[seqfan] Re: In search of a formula for a number triangle
Alonso Del Arte
alonso.delarte at gmail.com
Tue Jan 8 02:34:11 CET 2013
A077339 is a version of the triangle that does allow repetition, while
A077341 does not. Thus 20 does appear twice in A077339, but it should only
appear once in A077341.
At first I was skeptical all positive integers occur in A077341, but then I
remembered the frivolous theorem of arithmetic.
Al
On Mon, Jan 7, 2013 at 8:25 PM, Robert G. Wilson v <rgwv at rgwv.com> wrote:
> Seq.Fans,
>
> The statement "Every positive number appears exactly once" is incorrect, if
> the terms and the Mathematica coding are correctly presented. I find that
> the following terms appear twice:
>
> 20,30,31,40,41,42,50,51,52,53,60,61,62,63,64,70,71,72,73,74,75,80,81,82,83,8
> 4,85,86,90,91,92,93,94,95,96,97,...,.
> The following terms appear three
> times:130,140,141,150,151,152,160,161,162,163,...,.
> The following terms appear four times:
> 240,250,251,260,261,262,270,271,272,273,...,.
> The following terms appear five times:
> 350,360,361,370,371,372,380,381,382,383,...,. etc.
>
> Bob.
>
> -----Original Message-----
> From: SeqFan [mailto:seqfan-bounces at list.seqfan.eu] On Behalf Of Harvey P.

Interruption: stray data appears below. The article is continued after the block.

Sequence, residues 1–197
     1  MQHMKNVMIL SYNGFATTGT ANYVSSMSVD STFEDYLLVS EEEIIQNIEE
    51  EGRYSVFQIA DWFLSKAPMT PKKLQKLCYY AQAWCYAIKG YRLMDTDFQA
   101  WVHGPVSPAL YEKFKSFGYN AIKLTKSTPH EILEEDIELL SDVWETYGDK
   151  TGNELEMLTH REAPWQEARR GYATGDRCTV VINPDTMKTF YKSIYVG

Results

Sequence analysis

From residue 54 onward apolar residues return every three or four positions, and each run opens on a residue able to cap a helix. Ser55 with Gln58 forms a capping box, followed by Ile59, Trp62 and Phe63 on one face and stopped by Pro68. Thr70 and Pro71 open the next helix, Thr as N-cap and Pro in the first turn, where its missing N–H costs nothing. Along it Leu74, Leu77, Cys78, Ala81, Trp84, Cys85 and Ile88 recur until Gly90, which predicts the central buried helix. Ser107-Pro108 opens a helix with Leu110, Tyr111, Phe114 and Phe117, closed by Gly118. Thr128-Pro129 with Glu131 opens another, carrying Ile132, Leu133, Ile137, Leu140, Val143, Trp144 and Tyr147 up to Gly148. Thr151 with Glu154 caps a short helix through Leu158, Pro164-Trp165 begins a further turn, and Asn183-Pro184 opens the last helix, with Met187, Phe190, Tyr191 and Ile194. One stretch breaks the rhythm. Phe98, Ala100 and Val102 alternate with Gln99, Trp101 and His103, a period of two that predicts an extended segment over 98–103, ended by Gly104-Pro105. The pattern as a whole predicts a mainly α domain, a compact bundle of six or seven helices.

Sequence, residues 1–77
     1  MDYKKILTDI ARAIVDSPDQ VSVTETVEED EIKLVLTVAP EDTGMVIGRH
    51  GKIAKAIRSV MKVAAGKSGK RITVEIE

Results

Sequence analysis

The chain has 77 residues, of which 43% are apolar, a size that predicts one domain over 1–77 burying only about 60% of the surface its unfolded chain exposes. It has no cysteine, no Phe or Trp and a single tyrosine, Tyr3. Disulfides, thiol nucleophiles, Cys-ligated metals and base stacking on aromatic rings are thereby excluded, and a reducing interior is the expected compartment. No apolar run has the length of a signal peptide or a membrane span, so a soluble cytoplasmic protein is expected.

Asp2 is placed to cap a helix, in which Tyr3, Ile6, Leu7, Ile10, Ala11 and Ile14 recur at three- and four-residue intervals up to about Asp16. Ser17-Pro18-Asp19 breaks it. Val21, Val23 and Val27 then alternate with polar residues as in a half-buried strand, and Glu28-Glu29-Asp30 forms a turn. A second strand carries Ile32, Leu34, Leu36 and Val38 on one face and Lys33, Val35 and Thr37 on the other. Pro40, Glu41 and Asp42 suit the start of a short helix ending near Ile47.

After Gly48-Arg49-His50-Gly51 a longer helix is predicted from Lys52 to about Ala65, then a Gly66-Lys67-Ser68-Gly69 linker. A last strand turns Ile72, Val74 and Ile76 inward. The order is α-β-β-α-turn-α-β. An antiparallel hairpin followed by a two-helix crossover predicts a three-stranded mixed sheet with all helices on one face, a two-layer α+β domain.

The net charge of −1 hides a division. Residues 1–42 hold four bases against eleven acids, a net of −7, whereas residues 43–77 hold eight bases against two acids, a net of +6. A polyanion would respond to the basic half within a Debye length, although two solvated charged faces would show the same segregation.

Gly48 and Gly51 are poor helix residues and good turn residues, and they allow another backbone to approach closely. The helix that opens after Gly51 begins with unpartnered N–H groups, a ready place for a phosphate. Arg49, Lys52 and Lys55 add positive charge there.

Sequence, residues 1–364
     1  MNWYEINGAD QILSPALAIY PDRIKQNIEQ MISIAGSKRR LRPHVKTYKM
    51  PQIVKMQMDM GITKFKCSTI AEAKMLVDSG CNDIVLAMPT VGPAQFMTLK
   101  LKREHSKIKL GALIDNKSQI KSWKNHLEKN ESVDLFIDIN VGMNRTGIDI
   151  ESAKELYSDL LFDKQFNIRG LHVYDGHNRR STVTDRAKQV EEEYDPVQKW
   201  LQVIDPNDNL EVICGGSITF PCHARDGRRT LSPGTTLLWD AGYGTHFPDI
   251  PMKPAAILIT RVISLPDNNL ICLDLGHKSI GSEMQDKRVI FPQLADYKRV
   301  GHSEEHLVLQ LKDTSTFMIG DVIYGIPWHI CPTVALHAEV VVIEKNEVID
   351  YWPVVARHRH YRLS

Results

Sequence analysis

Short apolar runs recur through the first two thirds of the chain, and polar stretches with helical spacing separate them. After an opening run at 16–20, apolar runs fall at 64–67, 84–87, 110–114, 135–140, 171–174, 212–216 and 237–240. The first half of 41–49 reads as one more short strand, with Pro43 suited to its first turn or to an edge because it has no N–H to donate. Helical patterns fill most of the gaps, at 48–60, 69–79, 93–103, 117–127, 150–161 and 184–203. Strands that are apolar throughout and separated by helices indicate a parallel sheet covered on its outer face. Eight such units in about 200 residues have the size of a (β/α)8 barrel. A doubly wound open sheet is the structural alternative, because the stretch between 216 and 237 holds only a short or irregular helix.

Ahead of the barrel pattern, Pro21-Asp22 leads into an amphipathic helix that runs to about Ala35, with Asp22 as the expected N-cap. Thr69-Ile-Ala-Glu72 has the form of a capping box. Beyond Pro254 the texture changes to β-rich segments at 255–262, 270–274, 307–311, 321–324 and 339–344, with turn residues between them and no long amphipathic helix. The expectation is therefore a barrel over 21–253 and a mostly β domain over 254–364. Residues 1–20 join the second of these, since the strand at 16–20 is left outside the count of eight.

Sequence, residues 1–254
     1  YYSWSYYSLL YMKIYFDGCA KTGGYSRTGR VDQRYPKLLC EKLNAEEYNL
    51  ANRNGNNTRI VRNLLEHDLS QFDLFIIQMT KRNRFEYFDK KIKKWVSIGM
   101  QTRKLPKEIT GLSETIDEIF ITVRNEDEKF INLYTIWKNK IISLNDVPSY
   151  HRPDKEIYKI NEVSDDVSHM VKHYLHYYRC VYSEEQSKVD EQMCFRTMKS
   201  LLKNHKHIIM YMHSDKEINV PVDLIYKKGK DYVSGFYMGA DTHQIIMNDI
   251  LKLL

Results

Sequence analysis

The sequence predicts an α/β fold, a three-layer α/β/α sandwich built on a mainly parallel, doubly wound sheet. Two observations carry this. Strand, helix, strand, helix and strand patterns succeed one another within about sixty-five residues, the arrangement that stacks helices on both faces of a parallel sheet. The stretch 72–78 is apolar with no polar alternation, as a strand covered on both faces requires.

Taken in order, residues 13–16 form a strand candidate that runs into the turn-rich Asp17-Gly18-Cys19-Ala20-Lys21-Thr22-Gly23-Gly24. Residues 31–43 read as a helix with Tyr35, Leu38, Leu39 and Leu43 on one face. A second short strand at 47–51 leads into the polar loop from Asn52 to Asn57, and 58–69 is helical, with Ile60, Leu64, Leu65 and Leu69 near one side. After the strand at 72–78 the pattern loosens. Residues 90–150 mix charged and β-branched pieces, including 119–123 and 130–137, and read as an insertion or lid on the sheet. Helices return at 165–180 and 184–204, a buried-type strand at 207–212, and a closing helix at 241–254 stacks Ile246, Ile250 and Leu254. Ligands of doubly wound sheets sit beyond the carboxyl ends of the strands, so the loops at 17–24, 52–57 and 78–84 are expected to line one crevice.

> Dale
> Sent: Monday, January 07, 2013 6:37 PM
> To: Sequence Fanatics Discussion list
> Subject: [seqfan] Re: In search of a formula for a number triangle
>
> Al:
>
> Does this Mma program properly generate the terms of the sequence?
>
> Flatten[Table[{n,Range[10n,10n+n-2]},{n,20}]]
>
> Best,
>
> Harvey
>
>
> -----Original Message-----
> From: SeqFan [mailto:seqfan-bounces at list.seqfan.eu] On Behalf Of Alonso
> Del
> Arte
> Sent: Monday, January 07, 2013 5:40 PM
> To: Sequence Fanatics Discussion list
> Subject: [seqfan] In search of a formula for a number triangle
>
> The triangle of A077341
>
> 1
>
> 2 20
>
> 3 30 31
>
> 4 40 41 42
>
> 5 50 51 52 53
>
> ...
>
> 19 190 191 ...
>
> 200 201 202 ...
>
> 21 210 211 ...
>
> ...
>
> and the related sequence A077342, initial rows of the triangle, has the
> question "Can anyone derive a formula for a(n)?" I can't, but I believe I
> may at least be able to figure out which a(n) = n. This is what I've come
> up
> with:
>
> a(n) = n when n > 10 * floor(n/10) + floor(n/10) - 2.
>
> But of course this only takes into account the nearest previous row that
> could possibly contain n. Is that enough or does this formula need to be
> amended to take into account even earlier rows?
>
> Al
>
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--
Alonso del Arte
Author at SmashWords.com<https://www.smashwords.com/profile/view/AlonsoDelarte>
Musician at ReverbNation.com <http://www.reverbnation.com/alonsodelarte>
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